European Union recommendations to remove non-essential foreign travel bans for visitors who have received a full coronavirus vaccination are now in effect.
According to the official EU website, the combination of rising vaccination rates and falling numbers of infections has given health officials the confidence to lift travel restrictions for tourists who have received a vaccine approved by the European Medicines Agency (EMA) or the World Health Organization (WHO).
For travelers inoculated with vaccines approved by the WHO, but not the EMA, they will be required to show proof of a negative COVID-19 test result prior to departure. International visitors must be vaccinated at least 14 days before arrival or less than 270 days otherwise they will need proof of booster.
“A negative PCR test before departure might also be required for people who have recovered from COVID-19, as well as for people who have been vaccinated with an EU-approved vaccine but do not hold a certificate from the EU. ‘EU or equivalent,’ EU officials said. .
As for children, EU member states will allow children under the age of six to be exempt from all entry restrictions, while those between the ages of six and 18 will be able to present a negative test taken 72 hours before departure.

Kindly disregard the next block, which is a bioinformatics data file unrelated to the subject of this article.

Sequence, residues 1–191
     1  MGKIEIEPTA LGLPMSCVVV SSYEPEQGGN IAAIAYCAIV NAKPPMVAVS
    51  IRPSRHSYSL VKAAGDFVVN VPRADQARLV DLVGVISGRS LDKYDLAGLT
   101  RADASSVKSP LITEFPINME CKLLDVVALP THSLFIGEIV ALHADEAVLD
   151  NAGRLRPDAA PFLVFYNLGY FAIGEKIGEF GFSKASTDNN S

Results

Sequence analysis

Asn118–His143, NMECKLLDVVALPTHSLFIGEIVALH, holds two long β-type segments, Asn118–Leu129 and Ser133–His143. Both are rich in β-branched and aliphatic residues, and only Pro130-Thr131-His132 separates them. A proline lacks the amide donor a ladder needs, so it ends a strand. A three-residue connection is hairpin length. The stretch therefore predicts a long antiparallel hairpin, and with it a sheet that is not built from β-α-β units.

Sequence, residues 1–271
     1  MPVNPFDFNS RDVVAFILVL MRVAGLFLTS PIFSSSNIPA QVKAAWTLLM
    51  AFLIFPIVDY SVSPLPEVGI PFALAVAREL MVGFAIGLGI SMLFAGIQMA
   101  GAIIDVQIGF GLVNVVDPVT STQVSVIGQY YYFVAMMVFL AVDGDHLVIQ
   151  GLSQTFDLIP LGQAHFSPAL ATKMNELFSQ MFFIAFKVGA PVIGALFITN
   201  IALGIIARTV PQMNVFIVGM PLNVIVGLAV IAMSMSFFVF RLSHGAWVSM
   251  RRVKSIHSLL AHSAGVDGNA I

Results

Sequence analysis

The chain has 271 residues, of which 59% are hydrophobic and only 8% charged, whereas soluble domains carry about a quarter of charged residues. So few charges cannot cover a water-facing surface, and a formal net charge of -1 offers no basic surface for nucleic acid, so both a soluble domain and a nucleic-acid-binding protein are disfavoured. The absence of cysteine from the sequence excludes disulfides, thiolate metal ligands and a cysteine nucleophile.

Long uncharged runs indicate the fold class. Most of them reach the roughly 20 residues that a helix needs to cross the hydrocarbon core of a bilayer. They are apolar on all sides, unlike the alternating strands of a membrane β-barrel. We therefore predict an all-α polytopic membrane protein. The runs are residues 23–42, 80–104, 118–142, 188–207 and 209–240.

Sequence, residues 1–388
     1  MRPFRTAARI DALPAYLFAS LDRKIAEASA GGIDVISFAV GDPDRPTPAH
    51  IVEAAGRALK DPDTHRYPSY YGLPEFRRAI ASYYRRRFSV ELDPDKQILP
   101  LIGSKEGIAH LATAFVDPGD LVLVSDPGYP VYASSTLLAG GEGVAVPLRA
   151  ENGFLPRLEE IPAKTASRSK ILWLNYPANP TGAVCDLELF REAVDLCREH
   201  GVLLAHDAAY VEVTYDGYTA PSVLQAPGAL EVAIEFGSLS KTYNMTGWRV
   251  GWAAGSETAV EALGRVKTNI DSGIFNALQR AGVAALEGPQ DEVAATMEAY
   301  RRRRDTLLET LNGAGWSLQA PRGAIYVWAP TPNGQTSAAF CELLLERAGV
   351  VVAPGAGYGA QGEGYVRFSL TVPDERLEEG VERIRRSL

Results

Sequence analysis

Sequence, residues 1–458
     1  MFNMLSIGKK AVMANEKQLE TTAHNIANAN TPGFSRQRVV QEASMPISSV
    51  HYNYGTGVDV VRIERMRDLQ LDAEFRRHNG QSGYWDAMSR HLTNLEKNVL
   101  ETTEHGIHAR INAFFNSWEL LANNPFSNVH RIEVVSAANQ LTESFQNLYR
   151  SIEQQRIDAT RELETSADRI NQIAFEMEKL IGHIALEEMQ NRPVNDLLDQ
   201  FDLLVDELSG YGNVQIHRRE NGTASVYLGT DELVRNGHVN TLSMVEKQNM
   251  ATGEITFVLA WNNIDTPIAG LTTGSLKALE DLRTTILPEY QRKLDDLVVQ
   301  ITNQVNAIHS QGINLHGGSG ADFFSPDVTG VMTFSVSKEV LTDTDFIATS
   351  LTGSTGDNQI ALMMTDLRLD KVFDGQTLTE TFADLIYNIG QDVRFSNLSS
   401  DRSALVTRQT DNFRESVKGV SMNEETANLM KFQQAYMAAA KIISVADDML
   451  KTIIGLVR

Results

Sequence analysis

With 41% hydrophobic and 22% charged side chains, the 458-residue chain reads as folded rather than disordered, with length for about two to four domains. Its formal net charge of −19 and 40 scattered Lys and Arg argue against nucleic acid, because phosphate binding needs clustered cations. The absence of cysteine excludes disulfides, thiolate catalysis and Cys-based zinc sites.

“The changes introduced to respond to the evolution of the pandemic, the increase in vaccination and the administration of booster doses and the recognition of an increasing number of certificates issued by third countries as equivalent to the certificate EU Digital COVID,” the EU statement continued.
When it was announced last month, the World Travel and Tourism Council (WTTC) welcomed the non-binding guidelines.
“WTTC welcomes the EU’s sensible decision to remove travel restrictions ahead of Easter,” said WTTC CEO Julia Simpson. “The patchwork of rules and regulations has done nothing to prevent the spread of COVID but has caused immense damage to Europe’s economy, resulting in the loss of jobs and businesses.”
“Now is the time to rebuild travel and tourism and connect Europe to the world,” Simpson continued.